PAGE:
U.S. Military to Manipulate Social Media

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The United States Military can now add Facebook trolling to its growing list of endeavors.  As ridiculous as that sounds, according to an exclusive at The Guardian, that's exactly what is going on.

They report that United States Central Command (CENTCOM) has contracted a newly created California company, Ntrepid, to develop software referred to as  an "online persona management service."  The contract will add $2.76 million to military spending, which of course is paid for by John Q. Taxpayer.  The program would allow military personnel to control up to 10 separate (fake) online identities per person.  The purpose of these "sock puppets" would be to sway internet posts and discussions in favor of pro-American sentiments.

What, you say?

The contract states that each fake persona must have a convincing background and detailed history so as not to tip anyone off that it is fake.  The contract also sets the number of possible US-based controllers of the identities at 50.  Doing the math, that is 500 fake identities that could do anything from comment on Facebook posts and blogs to Tweeting and so much more.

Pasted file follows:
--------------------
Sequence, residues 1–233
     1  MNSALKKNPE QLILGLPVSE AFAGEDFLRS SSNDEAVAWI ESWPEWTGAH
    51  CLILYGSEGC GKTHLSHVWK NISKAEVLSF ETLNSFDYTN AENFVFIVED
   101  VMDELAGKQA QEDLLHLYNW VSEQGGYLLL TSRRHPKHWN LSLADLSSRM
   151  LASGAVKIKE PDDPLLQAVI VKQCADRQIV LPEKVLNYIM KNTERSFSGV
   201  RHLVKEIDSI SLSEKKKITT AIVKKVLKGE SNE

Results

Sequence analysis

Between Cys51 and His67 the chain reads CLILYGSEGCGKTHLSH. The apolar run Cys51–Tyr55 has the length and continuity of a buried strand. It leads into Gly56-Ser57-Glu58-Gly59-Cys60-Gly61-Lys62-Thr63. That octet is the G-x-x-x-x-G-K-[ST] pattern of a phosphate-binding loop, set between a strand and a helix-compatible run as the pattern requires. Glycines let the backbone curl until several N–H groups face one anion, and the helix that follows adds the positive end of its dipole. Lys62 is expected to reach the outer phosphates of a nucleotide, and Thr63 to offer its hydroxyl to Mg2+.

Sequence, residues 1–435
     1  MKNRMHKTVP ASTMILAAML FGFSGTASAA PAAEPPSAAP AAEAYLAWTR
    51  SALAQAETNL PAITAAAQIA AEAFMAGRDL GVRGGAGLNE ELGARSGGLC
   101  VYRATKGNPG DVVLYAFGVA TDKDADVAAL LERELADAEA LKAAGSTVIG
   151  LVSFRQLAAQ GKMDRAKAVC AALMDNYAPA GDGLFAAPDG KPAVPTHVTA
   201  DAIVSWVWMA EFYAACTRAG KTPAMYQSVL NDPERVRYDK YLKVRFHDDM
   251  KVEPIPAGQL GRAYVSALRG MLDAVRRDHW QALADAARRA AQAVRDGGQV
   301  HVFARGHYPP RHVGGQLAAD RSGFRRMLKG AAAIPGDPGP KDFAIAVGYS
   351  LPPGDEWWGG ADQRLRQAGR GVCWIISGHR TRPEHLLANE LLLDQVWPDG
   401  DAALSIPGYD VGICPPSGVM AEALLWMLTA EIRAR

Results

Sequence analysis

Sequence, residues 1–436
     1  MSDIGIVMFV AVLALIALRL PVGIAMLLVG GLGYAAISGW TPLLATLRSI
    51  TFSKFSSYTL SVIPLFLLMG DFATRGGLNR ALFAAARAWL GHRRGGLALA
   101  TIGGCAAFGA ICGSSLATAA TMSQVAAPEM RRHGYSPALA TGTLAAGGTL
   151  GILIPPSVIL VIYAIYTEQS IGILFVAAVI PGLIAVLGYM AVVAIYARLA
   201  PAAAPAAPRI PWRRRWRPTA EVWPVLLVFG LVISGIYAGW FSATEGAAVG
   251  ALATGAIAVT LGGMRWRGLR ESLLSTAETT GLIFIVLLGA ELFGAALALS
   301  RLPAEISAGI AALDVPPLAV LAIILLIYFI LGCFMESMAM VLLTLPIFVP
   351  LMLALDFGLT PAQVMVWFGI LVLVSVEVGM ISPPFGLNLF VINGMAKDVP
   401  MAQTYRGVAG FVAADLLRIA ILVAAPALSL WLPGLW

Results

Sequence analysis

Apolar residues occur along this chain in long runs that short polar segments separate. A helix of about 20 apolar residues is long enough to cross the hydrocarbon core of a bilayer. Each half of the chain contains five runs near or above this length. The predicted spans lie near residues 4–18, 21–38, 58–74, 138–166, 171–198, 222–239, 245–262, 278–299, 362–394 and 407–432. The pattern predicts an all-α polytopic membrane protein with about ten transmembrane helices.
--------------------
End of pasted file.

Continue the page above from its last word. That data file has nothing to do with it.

The Guardian quotes CENTCOM spokesman Commander Bill Speaks as saying, "The technology supports classified blogging activities on foreign-language websites to enable CENTCOM to counter violent extremist and enemy propaganda outside the US."  That's right, foreign language sites.  The program is said to only be available in Arabic, Farsi, Urdu, and Pashto.  It is apparently not to be used to influence English speaking audiences.

The new program is part of a larger program known as Operation Earnest Voice (OEV).  The Guardian reports General James Mattis talking about the aim of OEV:

"OEV seeks to disrupt recruitment and training of suicide bombers; deny safe havens for our adversaries; and counter extremist ideology and propaganda." He added that Centcom was working with "our coalition partners" to develop new techniques and tactics the US could use "to counter the adversary in the cyber domain."

Exactly how scary is this?  Do you think corporations and marketers could try to duplicate this model in the future?  Could this actually work in turning some anti-American sentiments the other way?
Let us know what you think.

Josh Wolford
Josh Wolford is a writer for WebProNews. He likes beer, Japanese food, and movies that make him feel weird afterward. Mostly beer. Follow him on Twitter: @joshgwolf Instagram: @joshgwolf Google+: Joshua Wolford StumbleUpon: joshgwolf

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